VP helped me refine my mantra. One of our instructors suggested that while freelance creative writing gigs pay in the short term, they might not ultimately benefit one’s career as much as completing that next piece set in your world, with your name on it. While I respect ghost and fan fic writers and seek some work-for-hire opportunities of this kind, the comment resonated. I have worlds to build, characters waiting. They’re getting cranky! It’s tempting to write in worlds someone else has created, especially coming at spec fic from the literary side of things, where one doesn’t need to craft worlds in quite the same way. But rather than avoid that work, I’m starting to lean into it, and lo, not only can do it, I even enjoy it! Here is a whole new dimension with which to make meaning.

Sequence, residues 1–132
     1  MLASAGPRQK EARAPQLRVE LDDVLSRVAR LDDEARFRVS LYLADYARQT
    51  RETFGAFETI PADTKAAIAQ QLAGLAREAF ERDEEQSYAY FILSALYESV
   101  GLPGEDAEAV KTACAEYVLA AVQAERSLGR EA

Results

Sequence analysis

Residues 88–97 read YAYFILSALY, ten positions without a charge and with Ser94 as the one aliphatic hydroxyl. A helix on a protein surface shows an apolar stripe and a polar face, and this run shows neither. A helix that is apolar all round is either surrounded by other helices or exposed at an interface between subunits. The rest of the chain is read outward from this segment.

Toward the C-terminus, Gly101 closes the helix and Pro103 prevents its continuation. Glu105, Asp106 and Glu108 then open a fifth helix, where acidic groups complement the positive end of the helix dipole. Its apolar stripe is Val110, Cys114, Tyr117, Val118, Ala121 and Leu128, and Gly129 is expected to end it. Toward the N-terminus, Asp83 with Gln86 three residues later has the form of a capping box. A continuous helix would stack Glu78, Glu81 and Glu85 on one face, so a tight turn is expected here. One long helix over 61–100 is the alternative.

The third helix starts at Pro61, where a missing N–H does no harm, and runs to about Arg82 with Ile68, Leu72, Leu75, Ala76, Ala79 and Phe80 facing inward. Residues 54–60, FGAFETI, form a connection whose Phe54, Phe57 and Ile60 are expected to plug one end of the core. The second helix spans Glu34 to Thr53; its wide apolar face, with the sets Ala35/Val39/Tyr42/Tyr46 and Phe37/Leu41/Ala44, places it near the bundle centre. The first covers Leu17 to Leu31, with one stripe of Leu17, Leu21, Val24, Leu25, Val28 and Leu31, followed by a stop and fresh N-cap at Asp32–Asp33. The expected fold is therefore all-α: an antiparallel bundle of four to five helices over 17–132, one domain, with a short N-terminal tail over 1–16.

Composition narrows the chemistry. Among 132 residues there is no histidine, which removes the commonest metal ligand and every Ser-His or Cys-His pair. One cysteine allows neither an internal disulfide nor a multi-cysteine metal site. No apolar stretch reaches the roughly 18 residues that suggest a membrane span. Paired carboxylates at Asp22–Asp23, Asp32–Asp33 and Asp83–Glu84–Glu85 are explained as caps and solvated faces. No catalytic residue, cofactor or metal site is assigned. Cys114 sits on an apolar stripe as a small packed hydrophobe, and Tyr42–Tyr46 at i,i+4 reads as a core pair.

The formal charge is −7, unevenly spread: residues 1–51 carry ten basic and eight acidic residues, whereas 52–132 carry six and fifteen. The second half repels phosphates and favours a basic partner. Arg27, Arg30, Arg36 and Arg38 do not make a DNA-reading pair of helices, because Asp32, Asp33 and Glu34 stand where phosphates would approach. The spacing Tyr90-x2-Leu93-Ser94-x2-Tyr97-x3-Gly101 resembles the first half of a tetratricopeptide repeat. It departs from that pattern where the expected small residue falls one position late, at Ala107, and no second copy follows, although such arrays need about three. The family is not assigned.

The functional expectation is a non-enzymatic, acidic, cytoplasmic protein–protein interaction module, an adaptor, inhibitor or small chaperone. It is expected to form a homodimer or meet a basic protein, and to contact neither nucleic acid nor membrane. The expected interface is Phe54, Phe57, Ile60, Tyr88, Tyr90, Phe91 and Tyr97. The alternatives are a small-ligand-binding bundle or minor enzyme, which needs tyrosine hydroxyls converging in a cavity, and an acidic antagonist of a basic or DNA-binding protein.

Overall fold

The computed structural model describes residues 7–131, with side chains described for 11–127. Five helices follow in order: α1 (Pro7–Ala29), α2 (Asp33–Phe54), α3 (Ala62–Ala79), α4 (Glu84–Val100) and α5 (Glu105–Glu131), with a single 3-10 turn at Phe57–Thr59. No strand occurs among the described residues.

Revised mantra: “Creating original fiction is my joy.”


My nerd DNA involves music. Incarnations of this include playing violin for an underground opera troupe in the East Bay, playing in the UC Berkeley orchestra, fiddling for Scottish dancers at highland games, and providing gong, violin, and shruti box accompaniment in a yogic context. This year, I finally picked up the guitar, which I’ve wanted to learn for a long time. I’ve spent some long nights teaching myself a small repertoire of simple songs. Playing and singing them has sustained me through a difficult year. I’d only shared them with a few friends pre-VP. Then I ferried into paradise, where I found myself playing music with Elizabeth Bear, Steven Brust, Patrick Nielsen Hayden, and some of my musically talented classmates. While I felt a bit of performance energy, it wasn’t that degree of stressful, ego-driven edginess the violin evokes in me. It was fun to play minstrel for the group.